Regulator in Illinois suspends Michael Strauss, Smart Rate licenses

A regulator in Illinois has suspended the MLO license of industry veteran Michael Strauss and the license for his mortgage company, Smart Rate Mortgage, essentially blocking the company from operating in the state, according to the Nationwide Multistate Licensing System (NMLS). 

The Division of Banking at the Department of Financial and Professional Regulation in Illinois issued the orders on February 1. The decisions are valid until Strauss and Smart Rate respond to requests for information.

HousingWire reported in January that industry veteran Strauss, who abruptly shut down non-qualified mortgage lender Sprout Mortgage back in July, was ready to start a new mortgage company called Smart Rate.

“The Department, upon further review of STRAUSS’S MLO license application, became concerned that not all pertinent information regarding STRAUSS’S mortgage industry background had been disclosed,” Chasse Rehwinkel, the division’s director, wrote in the order. 

Regarding Smart Rate, Rehwinkel added that the department was concerned that not all pertinent information had been provided regarding the owner’s background in the industry, “including but not limited to the owner’s experience with real estate finance.” 

Strauss registered Smart Rate, with a start date on August 1, 2022, in Florida, according to the NMLS. The company received a residential mortgage broker license in Illinois on November 1, 2022. Strauss’s MLO license in the state was issued on December 28.

However, the corporate entity for Smart Rate is registered in Florida to his wife, Beth Strauss, according to the Florida Limited Liability Company. The address listed on the incorporation documents is 610 Park Avenue, New York, a residential property that Strauss is trying to sell for $26.5 million.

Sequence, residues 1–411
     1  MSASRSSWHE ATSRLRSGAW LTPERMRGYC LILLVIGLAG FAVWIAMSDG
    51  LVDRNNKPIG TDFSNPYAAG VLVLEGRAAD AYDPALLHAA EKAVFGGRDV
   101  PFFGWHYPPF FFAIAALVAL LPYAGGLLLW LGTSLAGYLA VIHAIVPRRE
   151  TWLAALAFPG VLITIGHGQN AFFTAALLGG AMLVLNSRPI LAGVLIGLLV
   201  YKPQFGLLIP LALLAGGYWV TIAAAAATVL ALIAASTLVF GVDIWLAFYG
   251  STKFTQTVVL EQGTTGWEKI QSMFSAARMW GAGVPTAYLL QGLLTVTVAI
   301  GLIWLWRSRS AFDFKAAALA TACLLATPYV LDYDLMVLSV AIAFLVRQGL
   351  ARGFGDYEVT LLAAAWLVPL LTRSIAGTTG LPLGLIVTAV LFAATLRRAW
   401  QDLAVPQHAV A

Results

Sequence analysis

The department in Illinois said it sent a request for information regarding Strauss’ background on January 12. It included questions regarding his previous companies, lawsuits, and orders from other state and federal agencies. 

To Smart Rate, the questions included the owner’s experience with real estate finance, duties with the company, and relationships with employees and other affiliations.

The deadline for Strauss and Smart Rate to respond to the inquiries was January 19, but they failed to respond. On January 23, the department issued a rule to show cause, allowing response by January 30. They again did not provide the information requested. 

The background 

Strauss was charged in 2009 by the Securities and Exchange Commission (SEC) with accounting fraud. The SEC alleged that Strauss engaged in a pattern of false and misleading claims, bringing financial losses from investors. Strauss agreed to pay a $2.45 million settlement in the case.

Six years later, he founded Sprout, a mortgage lender focused on non-qualified mortgages. The company had significant losses last year amid rising mortgage rates. It struggled to sell in the secondary market loans originated at 2-4% when investors were asking for more premiums. 

Strauss laid off employees in July 2022 without issuing severance pay or their last paychecks. He reportedly canceled their health insurance retroactively to May 2022, reportedly leaving some on the hook for substantial medical bills. The executive has been the target of several lawsuits from former employees, vendors and business partners.